Where the rubber hits the research road

Cooperative Research Centre, IMOVE (transport tech) offers $1m to (ahem) “accelerate the development of ground-breaking technology, products and services.” Two grants are on offer.

A rounding error to be sure for the vast translational research programmes – but at least the money isn’t shared with expensive partners. There is, “no requirement to partner with an academic institution.”

Western Sydney world number one in new global development ranking

Times Higher Education rates universities on their contributions to the UN Sustainable Development Goals

WSU is followed by Uni Tasmania (global fifth) and RMIT (seventh) in the all-goals category, which is good, but not as good as Canada – with four world top tens.

There are another six Aus institutions in the top 50 , UTS (=14), UNSW (=18), Monash U (21), Uni Newcastle (28), Uni Sunshine Coast (=29) and Macquarie University (39)

All up Australia has 15 universities in the world top 100.

In Features this morning Angel Calderon puts the Australian performance in context HERE

Latelab can’t come too soon

It will be at Swinburne and no it’s not already behind schedule

It’s part of plan for the Hawthorn campus, scheduled for ’25 – there’s a latelab already but the new one will be 20 per cent bigger.

The lab is a place for students to study and socialise, with space to eat and cook for themselves and do it all when suits, 24/seven.

Smart move Swinbunnies – universities all bang-on about getting students back on campus. The challenge is making people welcome when it suits their studying, working and private lives. It’s why libraries are now the place to go. As campus planning expert Samantha Hall puts it, “students want flexibility in how they learn: alone at a secluded desk; alone together at large tables; group work with a white board; casually catching up with friends over coffee; late night sessions after work,” (CMM October 10 2o21).


In NSW 2000 uni staff weren’t paid all they earned last year

CMM’s ”for fudge sake”” correspondent files 

The NSW Auditor General reports that public universities in the state made $110m in provisions for “wage remediation” last year – more than double the 2021 figure.

And there were new cases, involving 2000 people at six universities.

In 2022 ! Years after problems, particularly in Victoria began to be raised.

The Auditor General, being celebrated for whatever passes for trusting natures among accountants, attributes the problem to “complexity in enterprise agreements and inconsistent interpretation of the terms within those agreements.”

The AG recommends universities, conduct a comprehensive assessment of their employment agreements and historical pay practises including,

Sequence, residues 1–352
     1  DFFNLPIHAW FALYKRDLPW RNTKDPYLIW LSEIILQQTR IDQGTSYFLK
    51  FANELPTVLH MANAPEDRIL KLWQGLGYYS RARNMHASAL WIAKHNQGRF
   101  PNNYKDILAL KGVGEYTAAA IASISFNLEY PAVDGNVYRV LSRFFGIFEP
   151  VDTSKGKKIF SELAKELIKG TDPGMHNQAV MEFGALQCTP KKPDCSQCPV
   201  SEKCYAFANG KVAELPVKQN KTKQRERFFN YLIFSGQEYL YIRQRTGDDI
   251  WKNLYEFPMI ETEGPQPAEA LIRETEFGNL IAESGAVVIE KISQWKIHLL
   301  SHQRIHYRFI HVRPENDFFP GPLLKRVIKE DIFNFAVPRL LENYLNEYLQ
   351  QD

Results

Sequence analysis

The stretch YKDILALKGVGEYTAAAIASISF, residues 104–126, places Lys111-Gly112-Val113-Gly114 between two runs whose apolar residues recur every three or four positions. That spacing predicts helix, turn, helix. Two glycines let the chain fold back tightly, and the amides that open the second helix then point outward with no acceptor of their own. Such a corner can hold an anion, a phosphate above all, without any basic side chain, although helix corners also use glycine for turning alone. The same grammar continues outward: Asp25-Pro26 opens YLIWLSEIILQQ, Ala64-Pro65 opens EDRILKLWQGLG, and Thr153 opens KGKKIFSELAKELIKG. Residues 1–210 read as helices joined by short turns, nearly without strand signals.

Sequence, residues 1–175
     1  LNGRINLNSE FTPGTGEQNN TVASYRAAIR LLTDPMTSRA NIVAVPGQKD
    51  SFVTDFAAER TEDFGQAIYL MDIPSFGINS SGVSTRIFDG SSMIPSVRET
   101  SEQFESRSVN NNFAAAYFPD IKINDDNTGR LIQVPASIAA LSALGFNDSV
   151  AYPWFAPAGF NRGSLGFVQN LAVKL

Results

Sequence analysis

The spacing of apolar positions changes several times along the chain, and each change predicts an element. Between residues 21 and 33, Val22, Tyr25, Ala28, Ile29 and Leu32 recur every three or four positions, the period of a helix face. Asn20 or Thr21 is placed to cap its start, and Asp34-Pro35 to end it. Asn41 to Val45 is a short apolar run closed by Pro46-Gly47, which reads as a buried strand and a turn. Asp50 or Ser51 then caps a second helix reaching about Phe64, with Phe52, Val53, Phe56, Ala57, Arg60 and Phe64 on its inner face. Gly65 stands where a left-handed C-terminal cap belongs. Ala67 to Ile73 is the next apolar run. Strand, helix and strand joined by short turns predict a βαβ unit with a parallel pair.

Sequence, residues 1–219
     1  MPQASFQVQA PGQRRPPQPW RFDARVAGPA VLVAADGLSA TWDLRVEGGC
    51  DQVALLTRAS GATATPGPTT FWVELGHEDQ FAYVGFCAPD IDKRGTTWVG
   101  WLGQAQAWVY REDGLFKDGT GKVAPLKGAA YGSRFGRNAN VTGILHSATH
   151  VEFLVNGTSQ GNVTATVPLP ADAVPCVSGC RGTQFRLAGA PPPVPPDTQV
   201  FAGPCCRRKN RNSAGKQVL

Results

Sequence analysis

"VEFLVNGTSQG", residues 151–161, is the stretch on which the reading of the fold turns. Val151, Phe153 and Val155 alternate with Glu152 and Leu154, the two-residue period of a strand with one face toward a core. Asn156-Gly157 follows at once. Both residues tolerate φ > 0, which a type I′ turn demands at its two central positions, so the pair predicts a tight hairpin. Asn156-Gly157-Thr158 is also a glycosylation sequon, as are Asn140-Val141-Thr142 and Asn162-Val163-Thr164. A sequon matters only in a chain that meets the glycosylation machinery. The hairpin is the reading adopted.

* “payroll system configuration for different wage types”

* “adequacy of manual payroll processes and controls” and

* “interpretation of enterprise agreements on employee entitlements”

If any aren’t on to this they might also want to prepare an explanation for the Fair Work Ombudsman, who takes a dim view of underpayments.

La Trobe U proposes more: pay and working hours both

Plus there is a cash for super trade-off

Vice Chancellor John Dewar tells staff that after seven months of “productive negotiations” all enterprise bargaining proposals are discussed.

including pay: the university offers 13.6 per cent, 2023-25, on top of the 2 per cent administrative pay increase  awarded last July.  But 3.6 per cent of the 15.6 per cent is to cover “a proposed adjustment to work hours.” Management wants to increase them by 3.57 per cent, from January, to bring LT U, “in line with the rest of the Victorian HE sector.”

and security for some casuals: there are 60 FTE positions for academic casuals in the form of (unspecified) continuing positions and fixed term fellowships

plus a cash for super trade-off: staff can elect to reduce their 17 per cent super to that which the rest of us get (now 11 per cent) and take the difference as pay.


Just the facts in black and white

CMM’s prize for annual reports goes to Western Sydney University (CMM yesterday)

It’s free of glossy shots of students with big dollar dentistry and light-on for the spin that many universities around Australia mistake for an account of what they got up to. WSU’s is so unadorned it could come from Queensland, where university annual reports are all praiseworthy plain.

Political pain of student debt

The National Tertiary Education Union has crunched the debt numbers to demonstrate how HELP does precisely not that to new graduates chances of buying a home